There are two reasons for any government to tax something–either they see it as a way to generate revenue or they’re trying to dissuade people from doing something.
When they want revenue, they’re going to cast the broadest net possible–things like income taxes and property taxes, for example.
If they want to stop people from doing something, they slap a fee on the purchase price of a thing that only some people will use such as tobacco or alcohol.
Which brings me to Cook County, Illinois and their tax on guns and ammunition.
The law authorizing it is being challenged, unsurprisingly, and the next step in the process is coming up.
Cook County’s tax on firearms and ammunition continues to be the subject of controversy as an Illinois appeals court takes the issue under consideration.
Last week, the First District Appellate Court of Illinois heard oral arguments in the lawsuit gun rights advocate Todd Vandermyde and others brought against Cook County. The $25 tax on firearms purchases and 1 to 5 cent tax per cartridge of ammunition has been in place since 2012, but was struck down by the Illinois Supreme Court in 2021.
“[W]here a tax classification directly bears on a fundamental right, the government must establish that the tax classification is substantially related to the object of the legislation,” the Illinois Supreme Court unanimously ruled in 2021. “Under that level of scrutiny, the firearm and ammunition tax ordinances violate the uniformity clause.”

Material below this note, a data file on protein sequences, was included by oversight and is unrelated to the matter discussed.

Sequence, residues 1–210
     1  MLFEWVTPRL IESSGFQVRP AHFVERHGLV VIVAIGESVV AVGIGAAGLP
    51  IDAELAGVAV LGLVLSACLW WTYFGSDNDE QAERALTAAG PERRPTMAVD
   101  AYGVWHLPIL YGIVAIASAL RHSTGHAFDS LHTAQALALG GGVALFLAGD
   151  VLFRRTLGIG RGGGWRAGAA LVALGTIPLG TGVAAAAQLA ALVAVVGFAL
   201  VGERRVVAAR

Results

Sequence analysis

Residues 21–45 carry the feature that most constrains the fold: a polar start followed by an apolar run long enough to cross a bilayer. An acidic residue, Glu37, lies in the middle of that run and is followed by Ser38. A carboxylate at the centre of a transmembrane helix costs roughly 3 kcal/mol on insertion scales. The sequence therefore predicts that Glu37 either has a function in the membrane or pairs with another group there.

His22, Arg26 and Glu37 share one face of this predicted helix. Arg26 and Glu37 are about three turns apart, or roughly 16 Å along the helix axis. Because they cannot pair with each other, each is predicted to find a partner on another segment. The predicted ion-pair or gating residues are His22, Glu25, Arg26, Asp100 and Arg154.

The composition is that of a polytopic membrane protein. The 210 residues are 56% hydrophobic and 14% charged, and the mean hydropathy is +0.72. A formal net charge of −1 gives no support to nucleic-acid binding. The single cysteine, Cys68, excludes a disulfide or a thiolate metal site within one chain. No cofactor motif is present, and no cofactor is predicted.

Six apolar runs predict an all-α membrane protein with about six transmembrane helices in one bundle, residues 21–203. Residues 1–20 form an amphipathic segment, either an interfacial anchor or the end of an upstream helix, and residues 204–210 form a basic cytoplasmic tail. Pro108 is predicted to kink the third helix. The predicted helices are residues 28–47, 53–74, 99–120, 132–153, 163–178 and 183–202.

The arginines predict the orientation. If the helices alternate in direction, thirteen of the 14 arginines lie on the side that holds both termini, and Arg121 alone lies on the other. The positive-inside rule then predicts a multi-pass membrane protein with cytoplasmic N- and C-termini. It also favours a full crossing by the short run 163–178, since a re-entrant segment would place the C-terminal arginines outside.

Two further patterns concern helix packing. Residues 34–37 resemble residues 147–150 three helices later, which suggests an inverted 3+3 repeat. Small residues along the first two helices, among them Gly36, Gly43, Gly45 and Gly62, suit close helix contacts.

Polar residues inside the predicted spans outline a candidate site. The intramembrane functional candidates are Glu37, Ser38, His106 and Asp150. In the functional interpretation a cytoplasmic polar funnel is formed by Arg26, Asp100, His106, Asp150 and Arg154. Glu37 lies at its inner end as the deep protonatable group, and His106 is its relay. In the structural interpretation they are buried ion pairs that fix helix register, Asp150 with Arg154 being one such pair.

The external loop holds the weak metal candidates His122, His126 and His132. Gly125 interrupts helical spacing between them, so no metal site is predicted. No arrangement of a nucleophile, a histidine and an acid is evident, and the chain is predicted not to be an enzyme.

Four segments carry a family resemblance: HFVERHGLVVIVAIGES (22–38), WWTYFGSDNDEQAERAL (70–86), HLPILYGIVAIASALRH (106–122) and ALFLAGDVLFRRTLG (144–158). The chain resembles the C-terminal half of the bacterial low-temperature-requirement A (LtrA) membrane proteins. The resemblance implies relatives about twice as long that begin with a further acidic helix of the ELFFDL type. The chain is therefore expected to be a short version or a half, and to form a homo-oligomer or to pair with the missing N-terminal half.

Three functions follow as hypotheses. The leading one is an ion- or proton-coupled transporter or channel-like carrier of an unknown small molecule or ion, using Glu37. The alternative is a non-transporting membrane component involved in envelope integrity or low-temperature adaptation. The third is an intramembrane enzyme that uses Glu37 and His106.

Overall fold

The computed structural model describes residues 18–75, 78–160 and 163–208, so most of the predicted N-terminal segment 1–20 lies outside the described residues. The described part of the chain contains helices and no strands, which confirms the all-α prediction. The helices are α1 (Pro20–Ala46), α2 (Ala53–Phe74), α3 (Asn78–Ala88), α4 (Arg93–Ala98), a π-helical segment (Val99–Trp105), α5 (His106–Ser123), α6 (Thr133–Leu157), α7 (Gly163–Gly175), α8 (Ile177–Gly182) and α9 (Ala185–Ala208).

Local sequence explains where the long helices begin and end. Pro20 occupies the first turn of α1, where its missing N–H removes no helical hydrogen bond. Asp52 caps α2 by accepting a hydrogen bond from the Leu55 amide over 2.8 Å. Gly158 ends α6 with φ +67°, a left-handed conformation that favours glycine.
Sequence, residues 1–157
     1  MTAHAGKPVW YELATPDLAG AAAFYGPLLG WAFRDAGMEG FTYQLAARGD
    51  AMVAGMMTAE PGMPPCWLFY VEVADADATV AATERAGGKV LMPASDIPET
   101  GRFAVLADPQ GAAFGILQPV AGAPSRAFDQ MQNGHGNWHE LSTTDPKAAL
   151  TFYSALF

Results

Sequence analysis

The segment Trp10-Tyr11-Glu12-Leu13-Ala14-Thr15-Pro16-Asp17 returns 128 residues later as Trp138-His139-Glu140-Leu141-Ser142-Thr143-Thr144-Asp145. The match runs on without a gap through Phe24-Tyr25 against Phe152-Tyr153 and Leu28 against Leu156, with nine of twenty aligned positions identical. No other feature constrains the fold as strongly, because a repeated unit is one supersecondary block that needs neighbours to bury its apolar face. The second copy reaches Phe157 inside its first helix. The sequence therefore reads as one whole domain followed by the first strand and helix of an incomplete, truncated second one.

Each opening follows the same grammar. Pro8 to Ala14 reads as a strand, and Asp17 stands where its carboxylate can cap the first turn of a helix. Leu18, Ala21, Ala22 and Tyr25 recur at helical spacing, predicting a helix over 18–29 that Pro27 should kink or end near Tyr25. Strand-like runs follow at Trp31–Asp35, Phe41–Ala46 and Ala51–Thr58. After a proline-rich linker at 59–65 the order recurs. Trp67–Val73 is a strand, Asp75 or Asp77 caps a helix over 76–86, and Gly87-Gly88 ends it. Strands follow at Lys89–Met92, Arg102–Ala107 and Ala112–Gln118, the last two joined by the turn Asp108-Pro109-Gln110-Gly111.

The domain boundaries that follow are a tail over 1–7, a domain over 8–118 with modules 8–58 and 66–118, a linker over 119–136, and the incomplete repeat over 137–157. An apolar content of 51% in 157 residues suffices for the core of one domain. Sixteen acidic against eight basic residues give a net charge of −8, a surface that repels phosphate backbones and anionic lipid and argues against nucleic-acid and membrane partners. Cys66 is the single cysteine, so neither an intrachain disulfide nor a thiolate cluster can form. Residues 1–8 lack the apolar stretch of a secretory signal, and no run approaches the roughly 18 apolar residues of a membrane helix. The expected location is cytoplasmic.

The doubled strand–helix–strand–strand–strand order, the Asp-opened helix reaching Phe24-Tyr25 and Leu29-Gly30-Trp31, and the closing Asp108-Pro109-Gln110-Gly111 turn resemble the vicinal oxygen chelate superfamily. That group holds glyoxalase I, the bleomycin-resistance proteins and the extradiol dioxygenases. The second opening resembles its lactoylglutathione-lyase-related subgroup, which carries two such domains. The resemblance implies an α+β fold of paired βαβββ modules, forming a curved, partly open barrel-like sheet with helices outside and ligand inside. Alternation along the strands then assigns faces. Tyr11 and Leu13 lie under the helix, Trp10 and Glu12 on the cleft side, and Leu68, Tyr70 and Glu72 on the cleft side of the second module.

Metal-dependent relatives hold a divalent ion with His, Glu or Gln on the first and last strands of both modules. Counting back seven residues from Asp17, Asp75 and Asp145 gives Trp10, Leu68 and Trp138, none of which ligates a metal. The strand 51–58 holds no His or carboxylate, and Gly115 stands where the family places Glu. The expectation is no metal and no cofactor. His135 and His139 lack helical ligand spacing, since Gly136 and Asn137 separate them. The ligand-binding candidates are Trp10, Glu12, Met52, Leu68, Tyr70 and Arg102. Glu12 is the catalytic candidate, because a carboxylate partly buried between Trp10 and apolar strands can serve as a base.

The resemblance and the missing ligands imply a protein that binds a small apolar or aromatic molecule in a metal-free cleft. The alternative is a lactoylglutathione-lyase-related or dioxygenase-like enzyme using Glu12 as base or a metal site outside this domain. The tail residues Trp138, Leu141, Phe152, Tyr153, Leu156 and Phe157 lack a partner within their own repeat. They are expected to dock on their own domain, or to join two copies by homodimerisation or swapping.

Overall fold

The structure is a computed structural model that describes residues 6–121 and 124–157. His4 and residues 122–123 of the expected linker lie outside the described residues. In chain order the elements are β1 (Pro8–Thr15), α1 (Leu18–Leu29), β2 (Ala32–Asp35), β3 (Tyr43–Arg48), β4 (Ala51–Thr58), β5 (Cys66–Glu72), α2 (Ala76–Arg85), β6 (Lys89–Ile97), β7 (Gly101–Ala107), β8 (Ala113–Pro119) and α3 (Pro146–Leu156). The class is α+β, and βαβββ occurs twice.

Weeks later, Cook County modified its ordinance for the taxation of firearms and ammunition.
“Per the amendment, the revenue generated from the amended firearm and ammunition tax will be directed to the Special Purpose Fund for Equity and Inclusion to directly fund the Justice Advisory Council’s gun violence prevention programs as well as operations and programs aimed at reducing gun violence,” a spokesman for Cook County said in 2021.
The attorney for the plaintiffs argued, among other things, that if the right to keep and bear arms can be taxed–and this is most definitely a tax on that right–then other rights such as the right to counsel can also be taxed.
So yeah, this is a problem.
Moreover, this effort drives up the costs of even the most inexpensive firearms and makes it harder for poorer Cook County residents to exercise that right.
And I don’t care what they try to claim, this is about trying to reduce gun ownership and punish those who wish to exercise their Second Amendment rights.
That’s all any of these efforts are about.
“But the money goes to programs to reduce gun violence,” someone will try to claim in response, but I’d point out that Cook County covers Chicago. They’ve had more than enough money over the years they could have done this without trying to saddle law-abiding citizens with yet another infringement on the Second Amendment.
They’ve done nothing except demand more gun control.
Based on that, one could assume that the money will be used to lobby for more gun control, which isn’t really going to fill a lot of gun owners with glee since they’re being forced to fund such an effort.
My hope is that the court will see this for what it is and strike it down. Hard.
Seriously, I hope it leaves marks.